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  • The Newlyweds
  • Mahreen Sohail (bio)

The girl’s mother said the man would make a woman out of her. Three nights before the wedding she said, “Listen, I want to tell you something.” There was a long pause. “About the wedding night.”

After the conversation the mother left, shuffling her feet as she went as if ready to turn back any second. It was a hard, hot day, and the girl boiled on her bed. She called her best friend that same evening and asked her to sleep over. At night, the two friends crept into her sleeping brother’s room to find the CDs, holding their hands over their mouths to keep from laughing. Then they tiptoed back to the girl’s room and waited.

The parents’ bedroom door clicked shut, and the sound of the father’s snores rose and fell like a tide through the house. Finally, the girl opened one of the cases, and her heart beat faster at what was inside: a CD imprinted with the image of a man and a woman embracing, unclothed, the man’s face buried in the woman’s chest as if he were hungry or dead.

The friends muted the volume on the television before pressing Play. A man pushed into a woman from behind, holding onto her hips as if she were a misshapen anchor. His face stayed taut like cutlery in the small, blue-white screen. After the movie was over, the girl sat cross-legged on her bed, facing her friend. She practice-whispered the moaning sounds. At first they laughed as they did this, both moaning a little and then bursting into fits of laughter, but soon they became serious about the sounds. They practiced for thirty minutes and then went to sleep.


Luckily, the man the girl ended up marrying was careful in bed, and shy. He asked permission before touching her. He booked a hotel room for [End Page 14] the wedding night, one that smelled of jasmine flowers and had little chocolate roses placed carefully on the pillows. He sat at the very edge of the bed and told her she was very pretty even before she’d stepped out of the bathroom, as if he had been practicing saying it over and over when she was inside. He stumbled over the words to get them out, looking up at the corners of the ceiling, so embarrassed that he reminded her of herself the night she had practiced the sounds with her best friend. This made her like him a little more.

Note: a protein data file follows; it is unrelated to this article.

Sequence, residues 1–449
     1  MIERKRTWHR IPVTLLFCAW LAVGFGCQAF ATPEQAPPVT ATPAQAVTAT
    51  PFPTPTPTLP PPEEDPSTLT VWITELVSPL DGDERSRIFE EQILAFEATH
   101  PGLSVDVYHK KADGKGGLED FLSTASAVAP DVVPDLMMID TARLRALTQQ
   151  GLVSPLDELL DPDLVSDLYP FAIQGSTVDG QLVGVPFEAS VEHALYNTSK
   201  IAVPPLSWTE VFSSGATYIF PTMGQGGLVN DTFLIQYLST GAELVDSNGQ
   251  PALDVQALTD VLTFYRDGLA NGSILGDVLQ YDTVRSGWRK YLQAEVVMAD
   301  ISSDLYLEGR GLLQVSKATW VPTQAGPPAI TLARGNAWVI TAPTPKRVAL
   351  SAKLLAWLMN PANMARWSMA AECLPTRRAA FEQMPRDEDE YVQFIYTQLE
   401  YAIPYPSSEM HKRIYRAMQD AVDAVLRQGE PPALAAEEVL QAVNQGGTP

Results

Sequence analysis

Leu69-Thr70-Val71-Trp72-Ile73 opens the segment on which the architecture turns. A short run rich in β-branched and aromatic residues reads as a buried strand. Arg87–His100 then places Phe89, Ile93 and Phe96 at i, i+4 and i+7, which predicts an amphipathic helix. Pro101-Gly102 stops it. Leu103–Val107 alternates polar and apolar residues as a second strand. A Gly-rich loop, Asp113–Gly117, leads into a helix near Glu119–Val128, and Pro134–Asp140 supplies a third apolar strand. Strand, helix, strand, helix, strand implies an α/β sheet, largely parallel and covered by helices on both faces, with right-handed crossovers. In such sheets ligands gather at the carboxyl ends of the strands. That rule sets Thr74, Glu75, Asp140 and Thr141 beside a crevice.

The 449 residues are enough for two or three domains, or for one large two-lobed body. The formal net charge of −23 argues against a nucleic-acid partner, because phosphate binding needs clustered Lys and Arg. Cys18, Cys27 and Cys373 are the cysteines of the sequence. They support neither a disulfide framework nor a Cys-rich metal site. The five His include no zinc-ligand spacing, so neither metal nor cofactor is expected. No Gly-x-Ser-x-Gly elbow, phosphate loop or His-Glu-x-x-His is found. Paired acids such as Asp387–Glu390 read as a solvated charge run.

Her best friend married a month after her. They met once after their weddings on the rooftop of a recently opened cafe. The girl wore a black kameez, covered in small, silver sequins, gold hoops in her ears. Her friend was equally dressed up, her hair cut in a new way, the bangs angling to the right, making her look permanently surprised. They felt suddenly awkward and could not talk about much, instead saying over and over again that life was so different now, and then nodding without really wanting to dwell on the specifics of the differences.

When they said good-bye, kissing each other gently on the cheek like real women, the girl became conscious that distinct lines had been drawn in the short time after their weddings, containing new still-unknown loyalties. Perhaps this, she later thought, was what made a woman: this easy shifting into new mental territory when it came to other people.


Now, according to her mother, the girl was a woman. The woman had been living with the man in the neighborhood for only three months, but already she had been invited to the women’s weekly get-togethers four times. At the first meeting, she made it clear, after the older women asked, that it had not been a love marriage. Her voice was high, like a child’s, and a smile that came and went from her face quickly enough for her to seem nervous.

This added to her growing reputation for strangeness.

It was well known in the neighborhood, for example, that the newly married couple kept a...